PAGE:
# Problems that feel exponential but are P

I'm trying to build a list of algorithms/problems that are "exceptionally useful", as in, solving problems that 'seem' very exponential in nature, but have some particularly clever algorithm that ultimately solves them. Examples of what I mean:

• Linear Programming (The simplex algorithm is exponential time; it took a long time to find a polynomial time solution!)
• More generally, Semidefinite Programming
• Primality testing
• 2-SAT and HORNSAT
• Computing determinants (if this doesn't sound difficult, consider the permanent)
• Finding perfect matchings
• A variety of hard group theoretic problems that can be accomplished using the Classification of Finite Simple Groups
• A variety of hard graph problems that can be accomplished using complicated Forbidden Minor characterizations (embeddability on an arbitrary surface; bounding of treewidth and branchwidth; Delta-Wye reducible graphs)
• Computing exponentials in a bounded group (i.e. computing $a^b \mod k$ in $\log b$ steps, as accomplished by repeated squaring)
• Computations relying on the LLL algorithm. (As a special case: Euclidean algorithm. As a more general case: PSLQ or HJLS algorithms.)
• Constraint problems without Taylor terms (?). I admit I don't fully understand this, but it sounds like it probably subsumes the 2-SAT / HORNSAT cases above, and any linear algebra over finite fields. See here for a longer post
• Problems computable via holographic reductions.

As a honorable mention, I would also mention Graph Isomorphism, because it's still awfully easy ($n^{\log^2 n}$), and equivalent to so many other isomorphism problems:

• Digraphs/multigraphs/hypergraphs (a sort of 'harder' problem)
• Finite automata/CFGs

Obviously there's a range of difficulty in these, but all leave at least some people with some sense of 'surprise' in the sense that the problem can sound difficult but turn out tractable. LP might sound relatively straightforward, but took people quite a while to build an actual solution to. Repeated squaring or solving 2-SAT is something an undergraduate could possibly come up with on their own, but if you had only learned about NP-Complete problems without having seen HORNSAT, it might sound like a natural candidate for NP-Completeness. Solving the CFSG or having a polynomial way to check for Delta-Wye reducability are no mean feats.

I hope this makes sense; there are obviously lots of subjective attributes here, but I'm curious to hear what other people find to be efficient solutions to "obviously hard" problems.

• As a motivation for this question (because a friend was asking as well): We often talk about how it's important to teach students about NP-Completeness and Undecidability, because it helps them recognize when problems will be Too Hard and they should avoid them. This list would be 'problems you might mistake for NP-Complete but you can actually do'. Not that I expect many students to full under the impression that determinants can't be computed -- just as they likely won't encounter 3SAT in the wild -- but they should recognize other equivalent problems – Alex Meiburg Aug 28 '18 at 20:45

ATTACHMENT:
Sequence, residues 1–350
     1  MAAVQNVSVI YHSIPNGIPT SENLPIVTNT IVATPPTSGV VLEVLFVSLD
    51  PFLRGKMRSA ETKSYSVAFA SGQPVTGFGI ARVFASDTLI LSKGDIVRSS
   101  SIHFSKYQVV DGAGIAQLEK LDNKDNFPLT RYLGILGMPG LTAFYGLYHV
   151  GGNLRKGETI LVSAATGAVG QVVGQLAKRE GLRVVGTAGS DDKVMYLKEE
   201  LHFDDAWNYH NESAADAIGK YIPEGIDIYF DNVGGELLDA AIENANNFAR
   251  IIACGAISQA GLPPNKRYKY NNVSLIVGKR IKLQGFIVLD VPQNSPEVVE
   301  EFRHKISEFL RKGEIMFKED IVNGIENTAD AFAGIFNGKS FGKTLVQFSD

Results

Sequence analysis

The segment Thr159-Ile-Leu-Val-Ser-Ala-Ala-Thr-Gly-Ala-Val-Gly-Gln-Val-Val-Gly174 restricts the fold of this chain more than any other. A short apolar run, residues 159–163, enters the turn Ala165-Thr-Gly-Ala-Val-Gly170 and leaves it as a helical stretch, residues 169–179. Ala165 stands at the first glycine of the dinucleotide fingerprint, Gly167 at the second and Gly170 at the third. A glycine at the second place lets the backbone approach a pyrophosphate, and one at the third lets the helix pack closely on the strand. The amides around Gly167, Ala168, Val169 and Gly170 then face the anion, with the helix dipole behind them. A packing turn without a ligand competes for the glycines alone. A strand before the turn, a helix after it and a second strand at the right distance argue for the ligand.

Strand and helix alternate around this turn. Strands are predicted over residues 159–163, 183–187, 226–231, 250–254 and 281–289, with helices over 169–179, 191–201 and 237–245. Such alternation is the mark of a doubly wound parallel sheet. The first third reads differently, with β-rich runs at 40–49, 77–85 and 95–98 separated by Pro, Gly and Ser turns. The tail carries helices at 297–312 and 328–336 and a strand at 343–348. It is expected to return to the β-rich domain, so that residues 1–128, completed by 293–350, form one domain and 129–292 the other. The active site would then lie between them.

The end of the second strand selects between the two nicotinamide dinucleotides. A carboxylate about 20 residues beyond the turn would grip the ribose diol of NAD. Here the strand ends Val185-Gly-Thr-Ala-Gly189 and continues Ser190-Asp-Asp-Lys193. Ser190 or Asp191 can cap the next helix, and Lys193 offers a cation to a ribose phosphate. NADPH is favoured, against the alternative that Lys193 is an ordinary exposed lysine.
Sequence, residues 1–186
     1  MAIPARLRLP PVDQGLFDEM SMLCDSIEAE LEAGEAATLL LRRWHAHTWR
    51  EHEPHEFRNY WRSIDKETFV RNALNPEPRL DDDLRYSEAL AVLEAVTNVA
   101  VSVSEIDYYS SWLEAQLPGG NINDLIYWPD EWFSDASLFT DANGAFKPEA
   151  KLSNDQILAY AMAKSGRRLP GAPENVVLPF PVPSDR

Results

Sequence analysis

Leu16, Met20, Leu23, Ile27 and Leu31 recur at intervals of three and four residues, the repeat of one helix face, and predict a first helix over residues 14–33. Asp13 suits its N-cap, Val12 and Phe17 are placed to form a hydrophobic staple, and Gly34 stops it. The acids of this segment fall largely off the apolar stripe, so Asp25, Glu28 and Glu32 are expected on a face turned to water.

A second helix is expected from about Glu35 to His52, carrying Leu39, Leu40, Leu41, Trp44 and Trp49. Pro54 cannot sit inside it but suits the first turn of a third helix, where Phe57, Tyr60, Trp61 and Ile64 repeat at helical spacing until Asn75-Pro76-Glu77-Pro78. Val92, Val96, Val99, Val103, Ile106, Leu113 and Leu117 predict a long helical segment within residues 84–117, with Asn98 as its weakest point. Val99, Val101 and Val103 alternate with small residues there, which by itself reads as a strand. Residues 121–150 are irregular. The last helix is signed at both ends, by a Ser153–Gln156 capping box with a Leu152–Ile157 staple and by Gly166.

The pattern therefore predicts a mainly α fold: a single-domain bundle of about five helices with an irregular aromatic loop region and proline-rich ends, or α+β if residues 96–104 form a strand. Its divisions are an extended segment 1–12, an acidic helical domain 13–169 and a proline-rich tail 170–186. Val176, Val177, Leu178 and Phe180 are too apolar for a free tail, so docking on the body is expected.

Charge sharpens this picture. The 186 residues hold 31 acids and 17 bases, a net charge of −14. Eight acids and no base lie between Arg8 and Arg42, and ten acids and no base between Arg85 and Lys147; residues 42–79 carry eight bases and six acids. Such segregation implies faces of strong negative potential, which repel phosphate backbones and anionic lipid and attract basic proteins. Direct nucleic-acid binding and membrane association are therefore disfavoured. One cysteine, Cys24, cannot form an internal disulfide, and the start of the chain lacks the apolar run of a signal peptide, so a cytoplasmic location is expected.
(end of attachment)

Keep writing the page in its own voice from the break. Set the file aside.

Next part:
• I suspect this is too broad to be a good fit for our site. Asking for an exhaustive list of something doesn't sound like the kind of question that works well here. "I'm curious to hear what other people find..." sounds like the sort of question that is not suitable here; see our help center. – D.W. Aug 28 '18 at 21:48
• I understand, I was trying to acknowledge the subjectivity in this question, but I think this question is largely something people would agree upon and learn from with productive discussion. For questions that have the tone I'm going for maybe (although I know a different site), see cstheory.stackexchange.com/questions/20930/… or cstheory.stackexchange.com/questions/11119/… ? – Alex Meiburg Aug 28 '18 at 22:36
• Also, it's not at all clear what "feels" exponential to whom. – Raphael Sep 3 '18 at 10:17

## 2 Answers

For me one of the most efficient algorithms is the Blossom V algorithm that find maximum weight perfect matching in a general graph:

https://en.m.wikipedia.org/wiki/Blossom_algorithm

• This is a good example! Not having ever really thought about it or needed it, I think I was under the impression that maximal matching on arbitrary graphs was NP-hard. :) – Alex Meiburg Aug 29 '18 at 16:48

For me all classic and the more recent more efficient algorithms to verify or find a minimum spanning tree (MST) of a connected edge-weighted graph are good candidates. Many of these algorithms are listed in wikipedia.

At the first sight, this problem looks like the travelling salesman problem, one of the few most famous NP-hard problems. Most amazingly, there are linear algorithms to verify an MST and many near-linear algorithms to find an MST! In fact, one of the most famous open problems in algorithms is whether there is a deterministic linear algorithm to find an MST in general graphs. It turns out there are rich math and graph structures and properties as well as a multitude of practical applications that are associated to MST, making it one of the more enjoyable and expandable topics in computer science course. For a slightly outdated but very well-written comprehensive introduction, please check the tutorial by Jason Eisner.